We did a beach clean over the weekend. It was heartening to find that the beach was nearly spotless. One of the other litter pickers quipped that someone else had been out and done it the day before. The mist came in and it looked spooky and beautiful.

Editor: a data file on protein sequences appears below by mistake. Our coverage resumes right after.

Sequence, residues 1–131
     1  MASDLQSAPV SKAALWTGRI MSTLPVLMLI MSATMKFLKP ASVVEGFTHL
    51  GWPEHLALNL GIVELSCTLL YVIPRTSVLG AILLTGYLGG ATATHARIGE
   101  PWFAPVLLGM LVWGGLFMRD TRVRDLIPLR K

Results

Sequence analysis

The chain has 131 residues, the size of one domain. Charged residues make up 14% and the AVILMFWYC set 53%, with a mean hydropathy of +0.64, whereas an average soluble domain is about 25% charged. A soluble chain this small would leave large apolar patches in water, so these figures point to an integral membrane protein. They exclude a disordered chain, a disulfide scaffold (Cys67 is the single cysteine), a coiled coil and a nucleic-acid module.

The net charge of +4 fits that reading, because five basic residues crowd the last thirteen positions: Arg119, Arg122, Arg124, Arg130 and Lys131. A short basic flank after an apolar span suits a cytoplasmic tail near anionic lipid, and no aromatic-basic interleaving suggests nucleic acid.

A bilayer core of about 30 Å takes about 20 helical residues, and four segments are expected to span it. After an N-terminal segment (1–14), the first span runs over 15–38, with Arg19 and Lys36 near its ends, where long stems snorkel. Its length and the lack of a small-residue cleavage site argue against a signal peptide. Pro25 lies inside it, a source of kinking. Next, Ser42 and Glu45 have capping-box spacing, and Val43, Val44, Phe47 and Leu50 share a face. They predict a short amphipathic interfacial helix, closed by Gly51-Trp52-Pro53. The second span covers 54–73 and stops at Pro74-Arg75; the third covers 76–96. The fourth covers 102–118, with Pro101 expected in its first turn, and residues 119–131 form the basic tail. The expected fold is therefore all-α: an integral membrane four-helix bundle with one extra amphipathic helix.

I’ve also been working on the knitting machine. I’ve got a few new patterns in a Celtic knotwork style. I’m trying to decide what to turn them into, hats, mittens, scarves, snoods, cushion covers. It’s going to be fun to make and try to sell a few things again. It would feel good to fire up the business again.